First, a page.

Ashcroft labeled threat to agencies' independence


Criminal justice experts say they have become increasingly concerned that the Justice Department under Attorney General John Ashcroft is moving to exert political control over previously independent agencies within the department that collect crime statistics and grant crime research awards.

At stake, they say, is the integrity of statistics about whether crime is increasing or decreasing and the findings of scholars about what causes crime and the best ways to reduce it.

The experts' worries center on several little-publicized developments involving the Bureau of Justice Statistics, the statistical arm of the Justice Department, and the National Institute of Justice, its research arm.

A Justice Department official said that despite the changes, all the statistical reports maintain "the highest level of integrity," and there has been no political interference.

The agencies, created by Congress, have long been independent of the attorney general and in the past were allowed to release reports or make research grants without clearance by the attorney general's office, former directors of these offices said.

But a number of employees in those agencies as well as former officials and leading scholars said in interviews that during the past year and with increasing speed recently, political appointees under Ashcroft have worked to undermine that independence.

These critics trace the shift to the passage in October of the Patriot Act, a sweeping anti-terrorism measure that, among other things, removed much of the freedom the directors of the Bureau of Justice Statistics and the National Institute of Justice had long enjoyed, giving their authority to the assistant attorney general for the Office of Justice Programs, Deborah Daniels, and her deputy, Tracy Henke.

In a report to Congress on these changes, Daniels, whose brother, Mitchell E. Daniels Jr., is director of the Office of Management and Budget, said there was a need to centralize control over these agencies because of the Sept. 11 attacks.

Henke is a close associate of Ashcroft's and was responsible for inserting language in the Patriot Act undercutting the two agencies' independence, employees say.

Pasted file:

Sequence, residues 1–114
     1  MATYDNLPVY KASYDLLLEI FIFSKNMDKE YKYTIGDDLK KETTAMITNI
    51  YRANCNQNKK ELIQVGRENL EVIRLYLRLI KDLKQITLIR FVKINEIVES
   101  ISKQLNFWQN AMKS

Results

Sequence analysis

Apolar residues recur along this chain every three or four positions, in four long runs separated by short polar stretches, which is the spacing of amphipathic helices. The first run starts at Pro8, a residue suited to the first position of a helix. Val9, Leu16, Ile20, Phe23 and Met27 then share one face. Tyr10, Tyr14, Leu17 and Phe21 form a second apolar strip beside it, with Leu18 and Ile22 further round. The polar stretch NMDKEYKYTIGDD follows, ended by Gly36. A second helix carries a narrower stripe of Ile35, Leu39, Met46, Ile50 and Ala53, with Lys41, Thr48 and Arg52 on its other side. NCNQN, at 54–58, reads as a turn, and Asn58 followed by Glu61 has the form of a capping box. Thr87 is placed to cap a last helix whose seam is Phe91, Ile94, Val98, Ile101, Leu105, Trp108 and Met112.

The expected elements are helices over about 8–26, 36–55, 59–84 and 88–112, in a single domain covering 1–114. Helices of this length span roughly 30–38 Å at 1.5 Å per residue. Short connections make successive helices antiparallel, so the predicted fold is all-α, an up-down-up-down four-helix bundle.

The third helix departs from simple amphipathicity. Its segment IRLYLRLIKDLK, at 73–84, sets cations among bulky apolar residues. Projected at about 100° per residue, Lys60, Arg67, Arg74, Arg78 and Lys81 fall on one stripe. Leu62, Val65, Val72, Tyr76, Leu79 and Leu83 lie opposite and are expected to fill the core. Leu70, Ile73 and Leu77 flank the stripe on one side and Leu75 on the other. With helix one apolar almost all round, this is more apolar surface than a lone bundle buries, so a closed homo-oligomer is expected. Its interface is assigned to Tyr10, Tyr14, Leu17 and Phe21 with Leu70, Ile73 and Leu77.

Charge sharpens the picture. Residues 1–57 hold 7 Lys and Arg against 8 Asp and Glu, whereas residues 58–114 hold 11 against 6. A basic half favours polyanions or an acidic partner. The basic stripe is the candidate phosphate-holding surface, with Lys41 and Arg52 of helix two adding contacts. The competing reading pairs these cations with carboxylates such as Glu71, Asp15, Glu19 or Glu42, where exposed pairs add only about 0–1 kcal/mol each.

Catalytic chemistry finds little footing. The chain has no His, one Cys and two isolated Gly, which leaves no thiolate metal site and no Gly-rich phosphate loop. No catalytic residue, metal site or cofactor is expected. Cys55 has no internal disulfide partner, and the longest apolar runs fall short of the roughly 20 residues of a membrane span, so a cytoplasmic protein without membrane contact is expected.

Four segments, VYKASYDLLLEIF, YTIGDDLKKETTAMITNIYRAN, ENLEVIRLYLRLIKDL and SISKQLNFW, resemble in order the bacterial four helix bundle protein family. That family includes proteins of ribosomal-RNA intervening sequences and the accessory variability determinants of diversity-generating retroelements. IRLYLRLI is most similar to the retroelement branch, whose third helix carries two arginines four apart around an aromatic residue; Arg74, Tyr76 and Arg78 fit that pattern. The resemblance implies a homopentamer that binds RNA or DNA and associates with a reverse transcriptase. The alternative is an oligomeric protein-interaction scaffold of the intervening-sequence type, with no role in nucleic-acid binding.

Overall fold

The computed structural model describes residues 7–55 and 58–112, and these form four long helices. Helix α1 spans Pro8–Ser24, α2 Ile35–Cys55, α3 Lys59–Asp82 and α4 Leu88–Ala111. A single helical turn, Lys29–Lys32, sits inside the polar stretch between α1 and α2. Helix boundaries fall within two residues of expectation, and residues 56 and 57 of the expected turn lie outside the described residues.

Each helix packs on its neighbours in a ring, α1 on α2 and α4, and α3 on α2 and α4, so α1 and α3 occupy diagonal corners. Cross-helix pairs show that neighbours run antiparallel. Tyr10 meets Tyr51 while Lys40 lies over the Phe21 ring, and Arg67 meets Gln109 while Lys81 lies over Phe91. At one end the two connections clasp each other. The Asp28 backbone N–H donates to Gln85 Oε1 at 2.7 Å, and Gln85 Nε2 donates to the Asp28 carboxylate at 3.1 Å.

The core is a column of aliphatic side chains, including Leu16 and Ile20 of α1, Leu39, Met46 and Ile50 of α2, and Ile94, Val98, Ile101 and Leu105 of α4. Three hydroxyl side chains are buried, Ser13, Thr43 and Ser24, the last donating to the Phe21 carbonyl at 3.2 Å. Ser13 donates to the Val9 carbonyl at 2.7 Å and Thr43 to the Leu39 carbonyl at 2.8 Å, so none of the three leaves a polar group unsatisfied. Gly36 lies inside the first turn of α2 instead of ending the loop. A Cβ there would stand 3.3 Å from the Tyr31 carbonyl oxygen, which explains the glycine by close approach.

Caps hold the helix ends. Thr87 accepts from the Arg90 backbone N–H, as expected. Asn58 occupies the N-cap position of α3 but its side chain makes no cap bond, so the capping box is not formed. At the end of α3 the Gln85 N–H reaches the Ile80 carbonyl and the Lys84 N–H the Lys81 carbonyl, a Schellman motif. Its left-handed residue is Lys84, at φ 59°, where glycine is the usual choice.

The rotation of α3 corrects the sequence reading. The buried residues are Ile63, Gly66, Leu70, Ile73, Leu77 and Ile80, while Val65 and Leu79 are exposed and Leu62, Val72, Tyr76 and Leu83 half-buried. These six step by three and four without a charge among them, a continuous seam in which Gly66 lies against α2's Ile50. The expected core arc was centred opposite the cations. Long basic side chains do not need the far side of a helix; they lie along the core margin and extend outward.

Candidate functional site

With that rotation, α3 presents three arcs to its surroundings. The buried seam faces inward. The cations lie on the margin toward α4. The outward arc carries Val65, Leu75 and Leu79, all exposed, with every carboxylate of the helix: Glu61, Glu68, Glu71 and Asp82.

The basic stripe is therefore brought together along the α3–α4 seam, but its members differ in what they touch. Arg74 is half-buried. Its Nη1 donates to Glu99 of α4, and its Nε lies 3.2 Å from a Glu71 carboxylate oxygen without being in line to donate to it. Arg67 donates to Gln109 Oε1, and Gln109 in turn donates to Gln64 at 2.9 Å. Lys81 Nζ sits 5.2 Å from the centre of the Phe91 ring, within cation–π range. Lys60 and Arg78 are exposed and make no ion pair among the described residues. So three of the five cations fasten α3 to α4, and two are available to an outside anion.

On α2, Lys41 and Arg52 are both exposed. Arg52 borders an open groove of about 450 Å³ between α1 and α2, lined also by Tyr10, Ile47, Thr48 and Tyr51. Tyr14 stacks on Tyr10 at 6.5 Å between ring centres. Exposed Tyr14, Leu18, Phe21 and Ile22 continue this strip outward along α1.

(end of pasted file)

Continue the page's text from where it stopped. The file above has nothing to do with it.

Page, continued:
One result of this change, the employees say, is that statistical reports and decisions about research grants are being sent up the chain of command to Henke and Daniels and then to the attorney general for clearance before being publicly released. Another result, said the employees, is that some reports and grant awards are being delayed for two to three months awaiting clearance.

The dispute about control of crime statistics and research came into the open recently after a Justice Department official leaked a major report by the Bureau of Justice Statistics to the Associated Press. The report was the bureau's annual study of the crime rate, based on interviews with crime victims, and had been held up for two months awaiting review by senior Justice Department officials, employees familiar with it say. The report showed a 9 percent decrease in violent crimes. Not one of these people has raised an accusation that this report, or any other, has been skewed.

In another action that has worried scholars and career employees of the Bureau of Justice Statistics, Daniels sent a directive late last month saying jobs in the agency would be "outsourced," or turned over for bid to the private sector.

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